New Isotope Analysis Of Human Remains At Stonehenge Confirms That Many Of Those Buried Came From Wales

Out of the 25 human remains that were buried at Stonehenge, new analysis has confirmed that 10 of these individuals would have come from areas like Devon and Wales.

Isotope analysis of human remains at Stonehenge shows many settlers came from Wales.
Matt Cardy / Getty Images

Out of the 25 human remains that were buried at Stonehenge, new analysis has confirmed that 10 of these individuals would have come from areas like Devon and Wales.

The cremated remains of ancient people who were buried at the Neolithic monument of Stonehenge were recently studied, and some of these individuals were found to have originated, or at least spent substantial amounts of time in, regions of western Britain and Wales, which is where the bluestone rocks that form Stonehenge are believed to have been taken from.

According to Current Archaeology, samples of the human remains at Stonehenge have been analyzed further through isotope analysis to make a more accurate determination of where these Neolithic people originally came from.

The human remains from Stonehenge that were analyzed were originally excavated by William Hawley, who was able to identify 58 human cremations and have these retrieved between the years 1919 to 1926.

Curiously, these cremated remains were placed inside a pit after their discovery and were once again excavated in 2008. Out of the 58 human cremations that had been re-buried during the beginning of the last century, 25 Neolithic people have been discovered.

Radiocarbon dating of these ancient people buried at Stonehenge shows that some would have lived between the years 3180-2965 BC, with some of the individuals having lived between 2565-2380 BC.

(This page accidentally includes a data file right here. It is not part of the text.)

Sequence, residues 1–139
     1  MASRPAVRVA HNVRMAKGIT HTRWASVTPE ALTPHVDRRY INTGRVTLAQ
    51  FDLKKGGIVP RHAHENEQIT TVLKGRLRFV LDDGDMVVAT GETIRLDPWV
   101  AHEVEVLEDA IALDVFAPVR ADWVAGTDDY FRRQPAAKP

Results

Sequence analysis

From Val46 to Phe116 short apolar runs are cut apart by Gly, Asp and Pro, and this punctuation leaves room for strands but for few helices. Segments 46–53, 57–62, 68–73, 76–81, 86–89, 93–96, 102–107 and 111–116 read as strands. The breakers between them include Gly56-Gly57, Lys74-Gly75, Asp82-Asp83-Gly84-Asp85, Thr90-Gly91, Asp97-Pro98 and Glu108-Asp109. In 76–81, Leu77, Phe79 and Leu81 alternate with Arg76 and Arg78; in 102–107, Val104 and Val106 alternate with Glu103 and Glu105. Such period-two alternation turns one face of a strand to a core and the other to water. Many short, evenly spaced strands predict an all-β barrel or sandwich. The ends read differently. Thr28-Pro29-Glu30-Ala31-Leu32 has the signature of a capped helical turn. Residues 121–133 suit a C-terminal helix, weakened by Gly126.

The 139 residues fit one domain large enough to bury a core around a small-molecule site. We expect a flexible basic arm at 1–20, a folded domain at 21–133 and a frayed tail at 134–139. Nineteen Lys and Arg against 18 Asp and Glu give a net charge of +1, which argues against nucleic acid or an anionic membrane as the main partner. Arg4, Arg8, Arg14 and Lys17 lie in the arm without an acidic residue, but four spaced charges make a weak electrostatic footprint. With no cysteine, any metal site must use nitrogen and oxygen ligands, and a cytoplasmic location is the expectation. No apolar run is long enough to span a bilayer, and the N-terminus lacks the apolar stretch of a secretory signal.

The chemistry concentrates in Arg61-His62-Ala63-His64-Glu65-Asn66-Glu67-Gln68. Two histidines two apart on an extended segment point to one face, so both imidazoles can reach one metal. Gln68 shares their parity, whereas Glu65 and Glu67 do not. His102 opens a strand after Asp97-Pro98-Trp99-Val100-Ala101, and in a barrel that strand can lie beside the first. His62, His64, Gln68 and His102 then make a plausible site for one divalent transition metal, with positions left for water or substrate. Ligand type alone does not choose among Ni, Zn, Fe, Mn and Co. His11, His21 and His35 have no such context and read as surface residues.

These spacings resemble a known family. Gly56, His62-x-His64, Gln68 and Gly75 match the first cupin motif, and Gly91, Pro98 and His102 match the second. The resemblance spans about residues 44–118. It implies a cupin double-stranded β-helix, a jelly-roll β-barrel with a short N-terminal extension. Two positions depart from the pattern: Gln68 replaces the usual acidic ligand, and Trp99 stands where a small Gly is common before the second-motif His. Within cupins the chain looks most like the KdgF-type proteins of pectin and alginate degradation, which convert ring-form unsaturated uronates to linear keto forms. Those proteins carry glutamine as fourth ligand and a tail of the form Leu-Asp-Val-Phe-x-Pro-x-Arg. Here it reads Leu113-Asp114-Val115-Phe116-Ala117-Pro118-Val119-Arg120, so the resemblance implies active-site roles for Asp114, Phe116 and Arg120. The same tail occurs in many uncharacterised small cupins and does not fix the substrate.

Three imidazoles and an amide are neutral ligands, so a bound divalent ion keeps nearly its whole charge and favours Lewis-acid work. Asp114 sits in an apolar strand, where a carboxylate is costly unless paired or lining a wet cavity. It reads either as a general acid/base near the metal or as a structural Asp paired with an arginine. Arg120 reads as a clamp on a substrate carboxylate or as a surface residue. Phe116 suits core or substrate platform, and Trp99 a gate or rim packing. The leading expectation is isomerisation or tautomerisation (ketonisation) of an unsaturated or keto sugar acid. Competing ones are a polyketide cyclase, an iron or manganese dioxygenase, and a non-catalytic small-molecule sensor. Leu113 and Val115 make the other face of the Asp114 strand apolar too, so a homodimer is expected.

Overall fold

The recent isotope analysis that was conducted on the humans remains found at Stonehenge was a complicated task as the remains had been cremated, but by studying the strontium istotopes, scientists were able to learn much more about the early people of Stonehenge.

“High temperatures that bones are exposed to during burning alter the stable carbon and oxygen isotope ratios (which are commonly used to assess diet and mobility). Strontium isotopes, though, which provide information on a person’s whereabouts in the last decade or so before death, remain preserved in cremated bone.”

  Matt Cardy / Getty Images

It was discovered that out of the 25 human remains buried at Stonehenge that 15 of these people had isotope ratios that showed they would have lived somewhere within the vicinity of Stonehenge and would not have ventured more than 10 miles away from it for any great length of time.

However, 10 of the Neolithic people had remarkably different isotope ratios which showed that they would have almost certainly come from areas like Devon and Wales, and especially the western region of Wales, with diets that showed similarities with those who lived in Wessex and west Wales.

The new isotope analysis of human remains buried at Stonehenge has shown that the initial results which showed many of the Neolithic people to have come from Wales was indeed correct.